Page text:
Seaplane is the only way to get to Brooks Lodge, which is the only place to stay near Brooks Falls also known as grizzly bear heaven. The annual salmon run attracts a large number of brown or grizzly bears whose main mission for the summer is to get as fat as possible. Apparently the bears living closer to the coast are not as aggressive. Still, there’s plenty of precaution taken and the first thing you do when you land is go to bear school.
Bear sightings in late June and July are almost guaranteed. We were trapped in a couple bear jams while hiking around. Obviously, bears always have the right of way there. Bears are used to humans always being around and they don’t care at all, which is great because we can observe them go about their bear business unnoticed.
Hollie is the most popular bear mama. Last year she adopted an abandoned cub known as Porkchop in addition to her own younger cub.
While bears are the main reason people go there today, Katmai was designated as a national park because of the Valley of 10000 Smokes. It’s an expansive area covered by an 800 ft layer of volcanic ash spewed during the 1912 volcanic eruption of Novarupta. It’s the largest volcanic eruption known to men. Even bigger than Vesuvius. Immediately after the eruption, the water trapped beneath the hot ash was evaporating creating thousands of fumaroles emitting steam, hence the name. Must have been quite a show. In a few years the ash cooled down and the steam was gone. But the name stuck.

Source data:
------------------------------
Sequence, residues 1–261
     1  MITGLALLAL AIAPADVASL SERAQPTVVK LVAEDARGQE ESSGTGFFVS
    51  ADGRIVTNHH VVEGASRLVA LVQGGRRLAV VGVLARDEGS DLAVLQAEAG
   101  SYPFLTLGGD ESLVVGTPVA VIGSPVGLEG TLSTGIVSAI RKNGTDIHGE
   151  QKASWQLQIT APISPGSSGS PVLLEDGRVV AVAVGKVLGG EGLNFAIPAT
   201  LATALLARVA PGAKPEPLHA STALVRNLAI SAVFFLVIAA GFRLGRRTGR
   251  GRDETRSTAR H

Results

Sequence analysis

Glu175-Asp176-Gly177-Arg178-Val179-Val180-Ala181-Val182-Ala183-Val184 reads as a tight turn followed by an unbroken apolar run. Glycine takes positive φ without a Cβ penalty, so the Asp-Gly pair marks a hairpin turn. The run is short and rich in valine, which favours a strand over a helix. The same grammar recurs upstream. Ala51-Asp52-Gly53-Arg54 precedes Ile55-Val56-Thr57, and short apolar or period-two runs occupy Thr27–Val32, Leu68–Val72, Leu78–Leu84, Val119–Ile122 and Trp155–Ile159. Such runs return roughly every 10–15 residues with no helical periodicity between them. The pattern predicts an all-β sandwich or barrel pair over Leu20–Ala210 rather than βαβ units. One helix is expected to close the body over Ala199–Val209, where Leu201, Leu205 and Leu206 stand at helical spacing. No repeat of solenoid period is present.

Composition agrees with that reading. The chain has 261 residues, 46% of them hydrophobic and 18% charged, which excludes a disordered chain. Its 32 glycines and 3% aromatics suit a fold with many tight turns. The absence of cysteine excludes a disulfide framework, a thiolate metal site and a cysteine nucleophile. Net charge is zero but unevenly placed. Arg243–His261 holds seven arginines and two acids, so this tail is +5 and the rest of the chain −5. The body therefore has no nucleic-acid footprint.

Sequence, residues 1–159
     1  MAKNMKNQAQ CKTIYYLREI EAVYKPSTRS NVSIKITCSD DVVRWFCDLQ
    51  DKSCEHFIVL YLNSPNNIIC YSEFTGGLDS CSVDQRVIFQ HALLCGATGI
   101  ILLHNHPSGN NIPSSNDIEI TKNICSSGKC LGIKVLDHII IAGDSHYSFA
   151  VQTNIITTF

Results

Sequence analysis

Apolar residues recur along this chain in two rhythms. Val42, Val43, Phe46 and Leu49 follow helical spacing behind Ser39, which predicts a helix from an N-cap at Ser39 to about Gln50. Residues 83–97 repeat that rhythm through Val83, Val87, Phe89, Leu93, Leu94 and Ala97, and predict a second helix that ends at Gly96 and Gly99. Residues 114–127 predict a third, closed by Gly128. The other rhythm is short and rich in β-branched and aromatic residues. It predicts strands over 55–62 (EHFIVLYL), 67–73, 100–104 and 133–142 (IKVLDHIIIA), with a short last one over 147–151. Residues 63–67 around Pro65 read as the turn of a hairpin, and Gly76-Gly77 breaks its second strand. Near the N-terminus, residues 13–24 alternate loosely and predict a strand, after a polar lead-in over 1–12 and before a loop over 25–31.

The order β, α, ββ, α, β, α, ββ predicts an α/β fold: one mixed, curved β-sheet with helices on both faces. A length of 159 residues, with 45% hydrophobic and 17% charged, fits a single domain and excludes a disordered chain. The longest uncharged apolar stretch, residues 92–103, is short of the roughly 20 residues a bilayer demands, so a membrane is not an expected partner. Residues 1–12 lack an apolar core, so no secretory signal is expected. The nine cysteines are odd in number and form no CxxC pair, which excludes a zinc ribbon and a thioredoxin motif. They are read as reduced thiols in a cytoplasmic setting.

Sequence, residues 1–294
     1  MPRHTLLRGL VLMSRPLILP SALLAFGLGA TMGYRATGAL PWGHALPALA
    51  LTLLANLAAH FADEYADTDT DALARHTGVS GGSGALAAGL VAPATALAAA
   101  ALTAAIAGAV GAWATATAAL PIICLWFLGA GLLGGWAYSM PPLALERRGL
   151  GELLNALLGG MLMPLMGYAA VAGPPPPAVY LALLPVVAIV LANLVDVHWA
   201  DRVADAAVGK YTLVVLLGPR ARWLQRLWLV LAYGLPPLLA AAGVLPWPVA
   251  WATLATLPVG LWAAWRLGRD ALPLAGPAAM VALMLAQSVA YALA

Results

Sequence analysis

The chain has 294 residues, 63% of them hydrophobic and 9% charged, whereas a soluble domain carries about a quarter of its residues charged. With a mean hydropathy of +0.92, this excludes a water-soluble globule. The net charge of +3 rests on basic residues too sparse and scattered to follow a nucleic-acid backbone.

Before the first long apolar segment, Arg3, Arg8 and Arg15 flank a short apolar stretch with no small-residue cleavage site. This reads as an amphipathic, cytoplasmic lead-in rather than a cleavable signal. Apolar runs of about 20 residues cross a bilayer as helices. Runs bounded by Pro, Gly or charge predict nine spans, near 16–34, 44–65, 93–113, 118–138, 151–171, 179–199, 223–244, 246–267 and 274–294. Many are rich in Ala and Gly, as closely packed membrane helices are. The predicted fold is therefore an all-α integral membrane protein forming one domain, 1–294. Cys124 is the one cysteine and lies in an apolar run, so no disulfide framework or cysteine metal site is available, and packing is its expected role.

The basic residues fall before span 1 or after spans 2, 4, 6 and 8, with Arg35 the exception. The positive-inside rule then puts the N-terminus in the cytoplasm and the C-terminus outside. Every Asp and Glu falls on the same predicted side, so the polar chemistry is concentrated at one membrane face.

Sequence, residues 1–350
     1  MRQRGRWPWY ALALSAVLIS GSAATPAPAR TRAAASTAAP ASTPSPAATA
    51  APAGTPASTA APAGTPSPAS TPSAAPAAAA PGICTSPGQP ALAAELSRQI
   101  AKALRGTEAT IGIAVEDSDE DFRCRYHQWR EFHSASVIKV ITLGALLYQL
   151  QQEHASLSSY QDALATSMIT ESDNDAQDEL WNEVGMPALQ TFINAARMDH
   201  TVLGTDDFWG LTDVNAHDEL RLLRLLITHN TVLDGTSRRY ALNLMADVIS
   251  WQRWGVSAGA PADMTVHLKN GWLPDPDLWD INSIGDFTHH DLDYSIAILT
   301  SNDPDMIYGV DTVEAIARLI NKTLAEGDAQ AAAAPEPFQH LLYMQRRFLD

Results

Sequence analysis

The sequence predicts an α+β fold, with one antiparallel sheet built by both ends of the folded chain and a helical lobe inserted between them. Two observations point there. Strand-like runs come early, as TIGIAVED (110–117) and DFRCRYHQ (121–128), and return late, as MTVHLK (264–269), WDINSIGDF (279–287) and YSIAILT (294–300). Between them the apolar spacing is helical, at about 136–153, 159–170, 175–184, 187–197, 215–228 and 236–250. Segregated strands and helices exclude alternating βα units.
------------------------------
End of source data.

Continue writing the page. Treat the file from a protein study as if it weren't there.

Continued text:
The hike at the end of the road goes down to a river, which quickly eroded the layer of ash and made its way through the valley.
Pumice rocks are found throughout the park. The volcanic rock is very light and floats in water.
With no TV or internet, park rangers and lodge employees get creative with their entertainment. On Saturday night, they organized a party with live music and dancing. For us, after two nights, it was time to go to the next park.